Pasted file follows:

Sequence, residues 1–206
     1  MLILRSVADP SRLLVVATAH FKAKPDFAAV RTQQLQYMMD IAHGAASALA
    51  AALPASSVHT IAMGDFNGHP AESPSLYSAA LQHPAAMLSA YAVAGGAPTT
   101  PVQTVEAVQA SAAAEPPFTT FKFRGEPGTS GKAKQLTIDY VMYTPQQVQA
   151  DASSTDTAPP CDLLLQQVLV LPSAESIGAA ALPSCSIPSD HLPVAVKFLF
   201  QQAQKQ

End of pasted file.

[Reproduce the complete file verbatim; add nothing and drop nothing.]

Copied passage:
Sequence, residues 1–206
     1  MLILRSVADP SRLLVVATAH FKAKPDFAAV RTQQLQYMMD IAHGAASALA
    51  AALPASSVHT IAMGDFNGHP AESPSLYSAA LQHPAAMLSA YAVAGGAPTT
   101  PVQTVEAVQA SAAAEPPFTT FKFRGEPGTS GKAKQLTIDY VMYTPQQVQA
   151  DASSTDTAPP CDLLLQQVLV LPSAESIGAA ALPSCSIPSD HLPVAVKFLF
   201  QQAQKQ